The plurality of bone pieces comprising cortical bone may have a predetermined layer thickness and geometry, measured radially from the longitudinal axis of the donor bone, less than a predetermined minimum wall thickness and geometry. For example, the predetermined layer thickness and geometry may be in the range of less than 2 mm thick in one embodiment, less than 1.8 mm thick in another embodiment, less than 1.5 mm thick in yet another embodiment, less than 1.0 mm thick in still another embodiment, and less than 0.5 mm thick in another embodiment. Further, for example, the predetermined minimum wall thickness and geometry may relate to a minimum acceptable thickness or geometry associated with forming an integral or assembled load bearing implant. The predetermined minimum cortical geometry may vary depending on the application. For example, a minimum geometry for use in the cervical spine may be substantially less than a minimum cortical geometry for the lumbar spine. For instance, a predetermined minimum wall thickness or geometry for integral or assembled cortical wedge cervical spine implant, such as may be formed from a fibula, may be 3.0 mm in one embodiment, 2.5 mm in another embodiment, 2.0 mm in yet another embodiment, and 1.8 mm in still another embodiment. On the other hand, a minimum cortical geometry for an integral or assembled lumbar implant may be 4.5 mm in one embodiment, 4.0 mm in another embodiment, and 3.5 mm in another embodiment.

Implants formed from a plurality of bone pieces may have a compressive strength, or load bearing capability, in the range of 50N to 20,000N. For instance, embodiments may have compressive strength greater than 70N, or greater than 800N, or greater than 1000N, or greater than 1200N, or greater than 3000N, or greater than 5000N, or greater than 7000N, or greater than 10,000N, or greater than 12,000N, or greater than 15,000N, or greater than 17,000N. This compressive strength provides load-bearing capability greater than typical cancellous bone and up to that of typical cortical bone.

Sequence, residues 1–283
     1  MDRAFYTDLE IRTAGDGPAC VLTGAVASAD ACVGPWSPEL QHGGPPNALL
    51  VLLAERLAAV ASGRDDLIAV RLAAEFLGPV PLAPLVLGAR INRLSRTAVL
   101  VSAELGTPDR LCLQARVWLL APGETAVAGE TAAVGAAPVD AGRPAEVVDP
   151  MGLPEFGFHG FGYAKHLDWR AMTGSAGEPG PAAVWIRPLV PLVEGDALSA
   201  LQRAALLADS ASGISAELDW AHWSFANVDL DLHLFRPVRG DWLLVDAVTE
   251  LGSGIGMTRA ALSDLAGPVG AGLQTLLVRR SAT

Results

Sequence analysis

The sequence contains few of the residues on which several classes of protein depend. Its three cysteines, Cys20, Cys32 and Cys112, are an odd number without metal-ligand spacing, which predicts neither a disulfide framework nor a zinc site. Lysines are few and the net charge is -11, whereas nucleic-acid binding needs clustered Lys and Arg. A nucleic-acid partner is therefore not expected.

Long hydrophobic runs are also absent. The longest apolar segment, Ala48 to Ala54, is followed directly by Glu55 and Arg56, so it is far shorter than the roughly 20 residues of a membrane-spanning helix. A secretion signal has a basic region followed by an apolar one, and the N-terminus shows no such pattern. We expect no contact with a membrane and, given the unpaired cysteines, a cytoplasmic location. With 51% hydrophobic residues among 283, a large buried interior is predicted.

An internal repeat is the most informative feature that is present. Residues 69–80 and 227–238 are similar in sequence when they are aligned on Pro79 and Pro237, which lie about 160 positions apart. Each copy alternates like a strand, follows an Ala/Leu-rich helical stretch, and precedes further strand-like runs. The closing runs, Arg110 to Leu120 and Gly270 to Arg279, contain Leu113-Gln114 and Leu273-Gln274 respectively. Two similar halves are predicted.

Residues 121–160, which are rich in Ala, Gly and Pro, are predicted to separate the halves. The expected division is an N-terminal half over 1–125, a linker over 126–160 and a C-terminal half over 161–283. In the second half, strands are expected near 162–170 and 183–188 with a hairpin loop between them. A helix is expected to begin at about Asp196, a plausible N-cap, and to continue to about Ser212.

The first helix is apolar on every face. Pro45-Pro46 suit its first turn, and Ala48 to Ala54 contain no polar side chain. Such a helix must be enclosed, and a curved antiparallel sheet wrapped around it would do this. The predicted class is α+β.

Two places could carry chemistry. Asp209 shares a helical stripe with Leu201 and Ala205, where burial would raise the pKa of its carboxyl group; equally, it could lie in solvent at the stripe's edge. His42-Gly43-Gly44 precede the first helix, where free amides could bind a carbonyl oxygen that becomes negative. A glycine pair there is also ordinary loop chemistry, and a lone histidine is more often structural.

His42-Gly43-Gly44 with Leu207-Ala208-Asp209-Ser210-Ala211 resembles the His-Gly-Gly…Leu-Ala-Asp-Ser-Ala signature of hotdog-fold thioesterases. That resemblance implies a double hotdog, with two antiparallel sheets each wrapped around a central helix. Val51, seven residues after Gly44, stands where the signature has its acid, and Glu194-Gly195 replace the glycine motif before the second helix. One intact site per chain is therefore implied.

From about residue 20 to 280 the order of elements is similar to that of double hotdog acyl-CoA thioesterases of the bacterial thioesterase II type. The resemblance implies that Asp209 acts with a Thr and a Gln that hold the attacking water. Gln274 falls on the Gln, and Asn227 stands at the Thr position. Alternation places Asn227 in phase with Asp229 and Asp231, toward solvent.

Bone may be obtained from any suitable bone source including the implant recipient as in an autograft, another source of the same species as in an allograft, or a source of a different species as in a xenograft. Suitable examples of musculoskeletal tissue include humerus, tibia, femur, fibula, patella, ulna, radius, rib, vertebral bodies, etc. The bone pieces may be machined, milled, cut, planed, grated, crushed, splintered and/or otherwise removed and/or formed from the donor bone.

Although embodiments of implants and methods of making implants have been described and illustrated in detail, it is to be understood that the same is intended by way of illustration and example only and is not to be taken by way of limitation. Accordingly, variations in and modifications to the implants and methods will be apparent to those of ordinary skill in the art, and the following claims are intended to cover all such modifications and equivalents.

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US8114156 *Mar 12, 2009Feb 14, 2012Edwin Burton HatchFlexibly compliant ceramic prosthetic meniscus for the replacement of damaged cartilage in orthopedic surgical repair or reconstruction of hip, knee, ankle, shoulder, elbow, wrist and other anatomical joints